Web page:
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201 F'n Saint

About SemiSalt

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    Super Anarchist
  • Birthday 10/20/1946

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  1. SemiSalt

    Between Boston and Maine, stopping spots

    When I sailed that way with my uncle in 1968, we stopped at Biddeford Pool. We just ducked in far enough to find a protected spot to anchor for the night in good weather. My uncle and cousin did take the dink in search of something or other. Just by the way, there are some interesting magnetic anomalies in the area of Seguin Island. Not so critical in the age of GPS, and not really an issue for us back in days of compass navigation because the weather was excellent; we were bound for the Sheepscot River and could see where we were going.
  2. SemiSalt

    Craigslist - Not mocking

    For the man who wants a 28' yawl, there aren't too many choices. The Tartan will sail rings around an H-28. A Nimble 30, if you can find one, might be a better choice.
  3. SemiSalt

    Time to get serious, daysailer shopping

    The point about mountain sailing is not so much the the wind is strong or that the breeze is light, but that it's variable. Dillon is a place where a high percentage of the 15-footers are keel boats.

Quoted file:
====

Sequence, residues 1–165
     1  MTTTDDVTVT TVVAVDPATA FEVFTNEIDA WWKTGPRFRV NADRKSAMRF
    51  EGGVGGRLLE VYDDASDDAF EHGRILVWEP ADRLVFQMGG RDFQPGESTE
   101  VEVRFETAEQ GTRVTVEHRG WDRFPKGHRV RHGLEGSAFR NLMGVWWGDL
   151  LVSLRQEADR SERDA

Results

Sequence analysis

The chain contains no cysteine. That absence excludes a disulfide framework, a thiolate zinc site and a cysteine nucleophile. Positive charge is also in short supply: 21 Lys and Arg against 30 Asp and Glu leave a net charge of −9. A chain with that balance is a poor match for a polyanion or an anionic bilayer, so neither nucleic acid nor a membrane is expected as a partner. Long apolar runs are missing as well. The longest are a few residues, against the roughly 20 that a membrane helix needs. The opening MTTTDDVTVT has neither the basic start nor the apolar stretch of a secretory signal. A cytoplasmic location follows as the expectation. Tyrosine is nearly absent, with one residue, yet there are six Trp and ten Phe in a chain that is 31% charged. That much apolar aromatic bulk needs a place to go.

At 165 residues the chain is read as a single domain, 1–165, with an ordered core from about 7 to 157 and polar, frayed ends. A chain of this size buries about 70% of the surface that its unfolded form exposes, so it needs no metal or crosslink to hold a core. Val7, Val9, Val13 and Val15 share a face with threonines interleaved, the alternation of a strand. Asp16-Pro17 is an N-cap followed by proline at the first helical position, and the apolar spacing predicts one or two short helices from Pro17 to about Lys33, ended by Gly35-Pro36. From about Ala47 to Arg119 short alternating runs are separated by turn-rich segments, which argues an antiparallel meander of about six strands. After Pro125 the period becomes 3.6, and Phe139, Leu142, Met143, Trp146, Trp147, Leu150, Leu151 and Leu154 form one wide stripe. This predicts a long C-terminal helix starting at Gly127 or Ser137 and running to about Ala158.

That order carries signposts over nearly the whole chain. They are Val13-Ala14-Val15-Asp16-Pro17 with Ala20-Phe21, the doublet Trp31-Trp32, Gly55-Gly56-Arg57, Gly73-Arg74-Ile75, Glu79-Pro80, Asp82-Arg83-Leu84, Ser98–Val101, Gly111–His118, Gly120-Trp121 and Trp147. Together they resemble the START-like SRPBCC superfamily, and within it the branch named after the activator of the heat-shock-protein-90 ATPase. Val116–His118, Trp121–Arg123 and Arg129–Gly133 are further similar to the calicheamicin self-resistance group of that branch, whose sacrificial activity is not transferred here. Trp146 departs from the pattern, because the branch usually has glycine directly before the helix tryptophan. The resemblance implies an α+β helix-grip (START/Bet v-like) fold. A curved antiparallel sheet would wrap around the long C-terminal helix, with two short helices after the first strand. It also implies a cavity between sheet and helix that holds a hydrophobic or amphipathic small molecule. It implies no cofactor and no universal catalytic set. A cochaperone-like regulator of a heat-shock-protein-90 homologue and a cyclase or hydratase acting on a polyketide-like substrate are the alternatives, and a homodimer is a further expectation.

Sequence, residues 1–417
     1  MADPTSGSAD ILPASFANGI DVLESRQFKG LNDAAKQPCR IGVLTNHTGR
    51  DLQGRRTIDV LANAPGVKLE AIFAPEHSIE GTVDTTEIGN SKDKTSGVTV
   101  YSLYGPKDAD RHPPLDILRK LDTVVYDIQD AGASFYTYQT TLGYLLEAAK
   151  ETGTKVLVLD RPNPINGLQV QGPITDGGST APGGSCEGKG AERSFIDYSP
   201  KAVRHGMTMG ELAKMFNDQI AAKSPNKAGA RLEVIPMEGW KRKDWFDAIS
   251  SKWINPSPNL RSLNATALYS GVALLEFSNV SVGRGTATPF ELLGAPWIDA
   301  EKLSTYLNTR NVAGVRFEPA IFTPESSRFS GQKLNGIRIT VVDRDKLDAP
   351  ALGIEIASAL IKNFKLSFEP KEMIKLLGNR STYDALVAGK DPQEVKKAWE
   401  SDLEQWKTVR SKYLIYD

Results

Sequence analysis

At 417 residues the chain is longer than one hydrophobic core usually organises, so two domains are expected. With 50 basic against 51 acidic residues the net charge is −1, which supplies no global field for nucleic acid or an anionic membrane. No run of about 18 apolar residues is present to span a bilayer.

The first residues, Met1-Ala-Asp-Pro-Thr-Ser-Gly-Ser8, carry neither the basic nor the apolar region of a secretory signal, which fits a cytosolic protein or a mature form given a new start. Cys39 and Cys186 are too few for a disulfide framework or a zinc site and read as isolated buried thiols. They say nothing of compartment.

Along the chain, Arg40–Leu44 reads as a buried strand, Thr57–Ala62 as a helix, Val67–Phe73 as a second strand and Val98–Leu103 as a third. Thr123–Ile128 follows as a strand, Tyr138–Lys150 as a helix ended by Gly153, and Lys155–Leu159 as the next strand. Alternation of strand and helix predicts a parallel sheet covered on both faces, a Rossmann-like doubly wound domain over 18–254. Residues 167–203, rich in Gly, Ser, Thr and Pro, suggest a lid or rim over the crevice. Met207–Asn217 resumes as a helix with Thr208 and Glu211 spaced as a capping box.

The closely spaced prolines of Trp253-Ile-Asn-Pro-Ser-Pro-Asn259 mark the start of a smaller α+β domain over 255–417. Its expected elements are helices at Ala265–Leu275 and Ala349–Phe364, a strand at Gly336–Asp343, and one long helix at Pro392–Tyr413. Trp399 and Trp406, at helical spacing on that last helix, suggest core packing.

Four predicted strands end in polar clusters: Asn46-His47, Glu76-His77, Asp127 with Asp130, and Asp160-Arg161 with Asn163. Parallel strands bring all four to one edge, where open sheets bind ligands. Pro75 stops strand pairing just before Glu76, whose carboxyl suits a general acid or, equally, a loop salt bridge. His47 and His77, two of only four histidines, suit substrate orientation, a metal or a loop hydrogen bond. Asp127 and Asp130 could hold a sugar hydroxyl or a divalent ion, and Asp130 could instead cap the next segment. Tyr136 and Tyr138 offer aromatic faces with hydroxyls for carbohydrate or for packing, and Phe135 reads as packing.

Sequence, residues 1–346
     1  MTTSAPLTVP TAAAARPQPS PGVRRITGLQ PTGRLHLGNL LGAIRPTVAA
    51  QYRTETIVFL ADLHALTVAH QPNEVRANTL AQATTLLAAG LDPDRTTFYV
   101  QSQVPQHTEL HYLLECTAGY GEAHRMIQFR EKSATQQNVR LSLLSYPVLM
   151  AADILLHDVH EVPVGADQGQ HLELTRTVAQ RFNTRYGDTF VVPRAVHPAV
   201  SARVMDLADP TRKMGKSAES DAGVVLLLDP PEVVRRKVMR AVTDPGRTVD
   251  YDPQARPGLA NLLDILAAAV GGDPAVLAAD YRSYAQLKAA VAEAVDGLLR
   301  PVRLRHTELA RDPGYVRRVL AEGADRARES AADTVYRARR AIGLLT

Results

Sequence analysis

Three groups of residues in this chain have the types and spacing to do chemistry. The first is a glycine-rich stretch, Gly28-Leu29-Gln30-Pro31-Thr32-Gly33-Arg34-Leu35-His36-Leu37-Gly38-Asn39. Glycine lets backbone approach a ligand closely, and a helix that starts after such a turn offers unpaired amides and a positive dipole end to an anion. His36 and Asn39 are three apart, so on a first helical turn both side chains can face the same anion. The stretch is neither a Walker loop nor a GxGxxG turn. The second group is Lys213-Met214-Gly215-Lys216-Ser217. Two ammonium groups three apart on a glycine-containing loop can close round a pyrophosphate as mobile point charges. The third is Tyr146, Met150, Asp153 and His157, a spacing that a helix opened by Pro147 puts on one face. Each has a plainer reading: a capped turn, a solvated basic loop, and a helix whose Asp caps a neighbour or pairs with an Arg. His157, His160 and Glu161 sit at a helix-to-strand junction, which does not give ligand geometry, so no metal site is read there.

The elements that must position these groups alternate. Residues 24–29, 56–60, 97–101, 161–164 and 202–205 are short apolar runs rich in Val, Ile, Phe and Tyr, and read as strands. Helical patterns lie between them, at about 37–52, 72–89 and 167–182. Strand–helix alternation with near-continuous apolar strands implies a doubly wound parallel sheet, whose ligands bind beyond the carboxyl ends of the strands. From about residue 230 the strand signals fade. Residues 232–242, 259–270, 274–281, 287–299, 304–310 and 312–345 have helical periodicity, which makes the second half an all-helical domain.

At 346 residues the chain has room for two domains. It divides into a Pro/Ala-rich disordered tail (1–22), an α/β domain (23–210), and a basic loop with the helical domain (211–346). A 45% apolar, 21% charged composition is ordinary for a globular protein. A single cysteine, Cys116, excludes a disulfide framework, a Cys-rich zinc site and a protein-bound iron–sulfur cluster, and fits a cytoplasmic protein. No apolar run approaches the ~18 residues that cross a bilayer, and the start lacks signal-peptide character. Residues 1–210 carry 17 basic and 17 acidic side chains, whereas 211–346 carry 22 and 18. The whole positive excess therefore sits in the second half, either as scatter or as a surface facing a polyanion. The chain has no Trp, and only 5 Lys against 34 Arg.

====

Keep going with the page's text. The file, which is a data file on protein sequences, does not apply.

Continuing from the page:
4. SemiSalt

    Time to get serious, daysailer shopping

    If you had a list of all-time best boats in that size range, the Ranger 26 would be on it. The Ensign might also be on it, but I'd want a self-bailing cockpit. The C&C boats in your size range are great sailing boats. I haven't seen a 27 that didnt look beat to shit in a while. The 25s seem to have lasted better. The 24s are dirt cheap, but that may be because they really aren't cruisers. One of the Mirages is very similar, I think. But they are all 40 years old.
  5. SemiSalt

    Mocking Ads on Craigslist

    Better stick to the tiny tris where the 1 man crew is stuck in the main hull.
  6. SemiSalt

    Mocking Ads on Craigslist

    There are various home build trimaran designs that use scavenged Hobinhulls for amas, so there is hope.
  7. SemiSalt

    Mocking Ads on Craigslist

    My uncle had a house on an island in Maine. Anything too big for an OB skiff was brought in by a local waterman with a big enough boat. There may not be many places where you make money with a boat like this landing craft, but there are probably a few. Maybe you can get attached to some large construction project...
  8. SemiSalt

    RaspberryPi - OpenPlotter

    Though the channel to my YC isn't especially problematic, I created a GPS "route home" much as you describe to use in case of dense fog or the like. The GPS now has about 5 years of tracks in and out to follow as well. Roger Long, an N.A. and single-handed cruiser, wrote up an experience where he was following a similar route when a GPS position showed him off-route in very shallow water. Just on the wrong side of a channel marker, as best I remember. Long chased it down with the people who run the GPS system, and there was a documented brief error in the system for some obscure reason. GPS is quite reliable, but not 100%.
  9. SemiSalt

    Uglyboat Admiration Society Hang Out